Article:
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John Eastwick-Field (1919-2003) Elizabeth Eastwick-Field (1919-2003)

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John and Elizabeth Eastwick-Field, who died within four weeks of each other last month, both aged 83, made a notable contribution to the post-war rebuilding of Britain, first with schools and housing, and later with hospital and university buildings.

Elizabeth died first after a short illness. John, who suffered from long-standing breathing problems, could not live without her. Theirs was a very loving, though sometimes turbulent, relationship.

I became their friend when I joined the Bartlett in 1937, which was evacuated to Cambridge at the outbreak of the Second World War. We had the undivided attention of the inspiring but eccentric professor AE Richardson. It was a happy and creative time. By the end of the war, John and Elizabeth had married and qualified - John with a first and a gold medal. He worked at the Building Research Station and taught at the Architectural Association. Elizabeth pursued interests in film set design and town planning, while looking after their two children.

The three of us set up our practice, Stillman and Eastwick-Field, in 1949, in a war-damaged attic in London's Soho.

Over the years, SEF made its mark with designs published in the AJ and The Architectural Review, and won awards. It engaged talented young architects, many of whom went on to achieve distinguished careers; Terry Farrell and Nicholas Grimshaw met at Dean Street before setting up in practice together.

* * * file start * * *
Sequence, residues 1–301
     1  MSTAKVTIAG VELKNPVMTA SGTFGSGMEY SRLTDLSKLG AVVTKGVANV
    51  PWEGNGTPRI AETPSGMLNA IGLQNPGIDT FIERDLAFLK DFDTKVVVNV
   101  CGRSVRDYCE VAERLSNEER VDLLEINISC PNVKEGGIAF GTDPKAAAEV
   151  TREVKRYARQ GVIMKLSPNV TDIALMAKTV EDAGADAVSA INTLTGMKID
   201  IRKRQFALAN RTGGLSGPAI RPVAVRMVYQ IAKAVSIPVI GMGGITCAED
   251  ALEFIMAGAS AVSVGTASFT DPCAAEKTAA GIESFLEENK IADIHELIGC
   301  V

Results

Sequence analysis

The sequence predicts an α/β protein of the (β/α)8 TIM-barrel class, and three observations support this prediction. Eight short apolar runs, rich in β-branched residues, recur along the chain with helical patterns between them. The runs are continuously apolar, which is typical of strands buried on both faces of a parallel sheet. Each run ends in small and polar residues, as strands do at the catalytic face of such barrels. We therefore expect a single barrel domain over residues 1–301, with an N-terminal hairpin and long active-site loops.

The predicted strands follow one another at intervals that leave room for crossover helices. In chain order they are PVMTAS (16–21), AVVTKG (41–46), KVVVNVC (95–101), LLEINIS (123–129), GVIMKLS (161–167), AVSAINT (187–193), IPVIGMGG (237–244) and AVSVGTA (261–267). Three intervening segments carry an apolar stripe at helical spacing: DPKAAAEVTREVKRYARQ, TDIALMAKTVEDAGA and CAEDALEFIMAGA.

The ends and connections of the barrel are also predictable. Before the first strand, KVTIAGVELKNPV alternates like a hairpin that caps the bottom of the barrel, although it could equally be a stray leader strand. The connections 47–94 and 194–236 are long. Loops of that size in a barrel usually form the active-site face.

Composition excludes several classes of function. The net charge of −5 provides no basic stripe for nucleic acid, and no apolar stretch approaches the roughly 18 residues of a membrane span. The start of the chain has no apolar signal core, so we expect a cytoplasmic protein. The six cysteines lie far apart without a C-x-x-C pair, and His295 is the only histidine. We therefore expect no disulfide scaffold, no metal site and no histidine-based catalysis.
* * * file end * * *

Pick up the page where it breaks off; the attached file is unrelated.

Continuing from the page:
But there were shortages of materials, labour and funds. Nevertheless, the practice expanded and eventually moved to Highbury, where it continues.

The partners retired in 1986.

John was a universal man, good at art and science, and a perfectionist. He had a warm personality and was always sensitive to the feelings of others. By contrast, Elizabeth was tremendously practical and energetic. She could only join full-time when looking after the family - then grown to four - allowed. Not many women were partners in the early days, but Elizabeth kept up her end on the building site, in what was very much a man's world.

Of John's jobs I should mention the Residential School for the Partially Sighted, Exeter (1966), Mackintosh Hall Cultural Centre (1964), Trevelyan College Durham (1968, below), and Princess Marina Psychiatric Hospital, Northants. Among Elizabeth's jobs were primary schools at Allington Park, Kent (1970), and Market Harborough (1966) and a working girls'hostel and day centre at Highbury (1977).

The best of their own five houses was Low Farm, an isolated Suffolk farmhouse, saved from the bulldozer and beautifully renovated. Having settled their differences, the final result of the gardens, pond, bridge and barn was a magical place.

They leave three children: Nikolas, Jacqueline and Hilary. Stephen died last year.

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